World Health Organization guidelines recommend screening with human papillomavirus (HPV) testing followed by either treatment of all HPV-positives, or by visual inspection (VIA) for triage to treatment, citing insufficient evidence to recommend either strategy over the other.
We assessed VIA and HPV testing individually, in combination (HPV-VIA cotesting), and as triage models. Three thousand women were screened in Inner Mongolia, China, concurrently with HPV testing and VIA in a real population setting. Screen-positive women underwent colposcopy, and biopsy, if indicated. Accuracy of screening algorithms for cervical intraepithelial neoplasia grade 2 or higher (CIN-2+) was calculated after controlling for verification bias. HPV testing followed by VIA triage for CIN-2+ detection was compared with Hybrid Capture 2 viral loads triage, measured in relative light units/cutoff.
CIN-2+ prevalence was 1.0%. Corrected sensitivity, false negative rate, and specificity for CIN-2+, respectively, for primary HPV testing were 89.7%, 10.3%, and 83.3%; 44.8%, 55.2%, and 92·3% for VIA; 93.1%, 6.9%, and 80.2% for HPV-VIA cotesting; and 41.4%, 58.6, and 95.4% for HPV with VIA triage scenarios. Using relative light units/cutoff of 5 or greater to triage HPV-positive women had twice the sensitivity as VIA triage, with comparable specificity for CIN-2+.
When VIA performs relatively poorly and HPV testing is available, adding VIA to sequential (ie, HPV followed by VIA triage) or primary (HPV-VIA cotesting) screening does not significantly improve CIN-2+ detection beyond primary HPV screening alone. Sequential screening (ie, HPV followed by VIA triage) reduces sensitivity too low for population-based screening programs. The HPV viral loads could offer an alternative low-resource country triage strategy.
Sequential algorithms of primary human papillomavirus with visual inspection (VIA) triage did not have better clinical performance than primary human papillomavirus or primary VIA alone in low-resource settings where VIA sensitivity is relatively low.
From the *Pritzker School of Medicine, University of Chicago, Chicago, IL;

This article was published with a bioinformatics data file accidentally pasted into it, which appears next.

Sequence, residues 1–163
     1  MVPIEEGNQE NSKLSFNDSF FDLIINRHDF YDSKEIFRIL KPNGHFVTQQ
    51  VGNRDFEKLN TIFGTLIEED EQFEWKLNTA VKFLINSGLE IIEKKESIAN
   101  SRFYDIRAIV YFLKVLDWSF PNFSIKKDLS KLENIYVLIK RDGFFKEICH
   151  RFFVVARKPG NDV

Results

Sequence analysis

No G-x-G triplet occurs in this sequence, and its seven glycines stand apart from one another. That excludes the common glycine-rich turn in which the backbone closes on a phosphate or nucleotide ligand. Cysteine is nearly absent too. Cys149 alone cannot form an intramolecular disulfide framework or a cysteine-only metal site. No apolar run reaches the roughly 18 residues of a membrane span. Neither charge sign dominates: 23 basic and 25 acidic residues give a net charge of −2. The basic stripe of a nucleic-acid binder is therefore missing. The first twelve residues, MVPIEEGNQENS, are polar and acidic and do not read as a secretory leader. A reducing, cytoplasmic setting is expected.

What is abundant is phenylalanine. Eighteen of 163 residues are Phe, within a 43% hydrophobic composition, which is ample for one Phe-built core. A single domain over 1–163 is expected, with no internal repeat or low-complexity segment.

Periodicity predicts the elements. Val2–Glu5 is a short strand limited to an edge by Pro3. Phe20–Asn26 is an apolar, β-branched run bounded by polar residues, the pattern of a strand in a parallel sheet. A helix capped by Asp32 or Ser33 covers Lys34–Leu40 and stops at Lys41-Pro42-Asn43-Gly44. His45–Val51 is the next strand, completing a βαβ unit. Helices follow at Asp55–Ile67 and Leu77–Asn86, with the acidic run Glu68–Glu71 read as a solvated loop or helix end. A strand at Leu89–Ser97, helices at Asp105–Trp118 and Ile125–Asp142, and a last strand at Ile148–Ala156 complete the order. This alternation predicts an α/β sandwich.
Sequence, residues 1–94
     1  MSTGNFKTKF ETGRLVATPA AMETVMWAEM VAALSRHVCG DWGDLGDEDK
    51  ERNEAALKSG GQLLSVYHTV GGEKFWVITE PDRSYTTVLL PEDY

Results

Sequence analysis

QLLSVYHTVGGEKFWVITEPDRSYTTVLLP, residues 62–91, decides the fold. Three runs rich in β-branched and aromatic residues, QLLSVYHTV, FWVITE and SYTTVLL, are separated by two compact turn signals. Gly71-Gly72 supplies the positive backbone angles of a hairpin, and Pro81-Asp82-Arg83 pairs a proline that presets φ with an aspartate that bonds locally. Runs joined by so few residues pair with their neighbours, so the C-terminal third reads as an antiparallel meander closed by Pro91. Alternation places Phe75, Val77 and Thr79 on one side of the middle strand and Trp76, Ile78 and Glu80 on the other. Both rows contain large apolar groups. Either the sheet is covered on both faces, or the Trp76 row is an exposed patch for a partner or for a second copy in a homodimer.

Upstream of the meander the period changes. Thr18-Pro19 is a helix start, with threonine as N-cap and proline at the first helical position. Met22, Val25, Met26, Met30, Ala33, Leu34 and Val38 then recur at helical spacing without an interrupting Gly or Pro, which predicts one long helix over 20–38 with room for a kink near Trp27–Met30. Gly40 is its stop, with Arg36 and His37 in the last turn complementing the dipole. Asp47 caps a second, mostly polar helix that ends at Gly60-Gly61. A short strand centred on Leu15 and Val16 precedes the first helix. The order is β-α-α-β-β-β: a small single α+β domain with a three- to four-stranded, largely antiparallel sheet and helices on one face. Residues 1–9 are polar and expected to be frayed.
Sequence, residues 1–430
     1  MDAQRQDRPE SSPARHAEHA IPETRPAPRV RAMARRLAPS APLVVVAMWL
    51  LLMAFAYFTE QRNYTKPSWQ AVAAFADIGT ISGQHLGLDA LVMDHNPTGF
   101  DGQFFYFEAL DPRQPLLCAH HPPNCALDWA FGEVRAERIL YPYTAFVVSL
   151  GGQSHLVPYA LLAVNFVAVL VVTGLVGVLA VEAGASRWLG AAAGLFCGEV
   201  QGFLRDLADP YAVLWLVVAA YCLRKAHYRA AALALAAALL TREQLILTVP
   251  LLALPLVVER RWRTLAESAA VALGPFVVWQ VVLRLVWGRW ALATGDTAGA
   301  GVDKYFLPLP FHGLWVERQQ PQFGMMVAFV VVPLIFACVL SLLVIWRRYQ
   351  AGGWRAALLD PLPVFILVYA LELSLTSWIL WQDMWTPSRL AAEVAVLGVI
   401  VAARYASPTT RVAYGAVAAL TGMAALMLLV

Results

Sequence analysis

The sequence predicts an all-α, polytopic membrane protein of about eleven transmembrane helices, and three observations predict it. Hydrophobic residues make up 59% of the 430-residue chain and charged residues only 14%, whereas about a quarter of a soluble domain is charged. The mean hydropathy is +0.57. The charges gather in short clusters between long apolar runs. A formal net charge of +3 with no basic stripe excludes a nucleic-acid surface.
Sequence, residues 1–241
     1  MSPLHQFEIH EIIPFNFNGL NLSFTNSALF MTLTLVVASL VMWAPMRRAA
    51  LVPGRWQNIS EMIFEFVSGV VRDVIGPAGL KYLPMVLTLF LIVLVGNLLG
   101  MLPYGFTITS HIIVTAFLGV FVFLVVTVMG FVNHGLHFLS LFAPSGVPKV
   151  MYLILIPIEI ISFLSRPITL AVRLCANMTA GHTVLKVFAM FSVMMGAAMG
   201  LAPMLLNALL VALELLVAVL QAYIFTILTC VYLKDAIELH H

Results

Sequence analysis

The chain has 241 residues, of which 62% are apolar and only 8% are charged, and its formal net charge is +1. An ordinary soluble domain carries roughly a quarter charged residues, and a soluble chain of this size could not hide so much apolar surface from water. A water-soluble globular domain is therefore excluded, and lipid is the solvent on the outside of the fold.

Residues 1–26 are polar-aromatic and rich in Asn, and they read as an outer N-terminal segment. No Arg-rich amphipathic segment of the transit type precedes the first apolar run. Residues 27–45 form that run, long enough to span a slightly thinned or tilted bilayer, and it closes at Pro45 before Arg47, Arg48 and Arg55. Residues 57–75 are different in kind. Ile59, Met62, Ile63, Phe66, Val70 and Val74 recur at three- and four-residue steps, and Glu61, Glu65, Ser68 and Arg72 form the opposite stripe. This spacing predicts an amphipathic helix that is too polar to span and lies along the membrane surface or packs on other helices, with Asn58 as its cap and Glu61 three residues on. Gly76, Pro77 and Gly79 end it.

†UJMT Fogarty Consortium, NIH Fogarty International Center, Bethesda, MD;
‡Department of Psychiatry, University of Texas at Southwestern, Dallas, TX;
§Department of Epidemiology, National Cancer Center, Cancer Hospital, Chinese Academy of Medical Sciences (CAMS);
¶Peking Union Medical College (PUMC);
∥Department of Gynecology, Beijing Tongren Hospital, Capital Medical Center;
**Department of Pathology, National Cancer Center, Cancer Hospital, Chinese Academy of Medical Sciences (CAMS), Beijing;
††Department of Pathology, Inner Mongolia Autonomous Region People's Hospital, Hohhot, Inner Mongolia Province, China;
‡‡Department of Epidemiology, Gillings School of Global Public Health, and
§§UNC Lineberger Comprehensive Cancer Center, University of North Carolina, Chapel Hill, Chapel Hill, NC
Acknowledgments: This work was supported by the National Institutes of Health Office of the Director, Fogarty International Center, Office of AIDS Research, National Cancer Center, National Heart, Blood, and Lung Institute, and the NIH Office of Research for Women's Health through the Fogarty Global Health Fellows Program Consortium comprised of the University of North Carolina, John Hopkins, Morehouse and Tulane (R25TW009340).
This demonstration project was supported by funds provided by the Central Governmental of the People's Republic of China to Inner Mongolia Autonomous Region People's Hospital. The funding agency did not have any role in the conduct of the study, data analysis, or preparation of the manuscript.
Conflict of Interests: J.S.S. has received research grants, supply donations and consultancies; served on paid advisory boards; and/or been a paid speaker for Arbor Vita, Qiagen, BD Diagnostics, Hologic Corporation and Trovagene in the past 5 years. Y.Q. served as a paid consultant for GSK and MSD. The other authors declare no competing conflicts of interest.
Author Contributions: J.S.S. jointly conceived study, gave input on data analysis and writing of the article. Y.L.Q. provided input on data analysis and writing of the article. M.Z.W. conducted literature search, data interpretation, designed tables/figures, and writing of the article. R.M.F. performed data analysis, revised data, and contributed to the article revisions. S.M.W. designed and cleaned the database and commented on the article. X.Z.D. designed protocol, performed HPV testing and VIA and commented on manuscript. D.L. provided input into data analysis and commented on the article. X.Z. performed reading of pathology slides and commented on the article. M.R. performed reading of pathology slides and commented on the article.
Correspondence: Jennifer S. Smith, PhD, MPH, Gillings School of Global Public Health University of North Carolina at Chapel Hill 2101 McGavran-Greenberg Hall, CB 7435 Chapel Hill, NC 27599-7435. E-mail: JenniferS@unc.edu.
Received for publication December 2, 2018, and accepted May 22, 2019.
Online date: June 17, 2019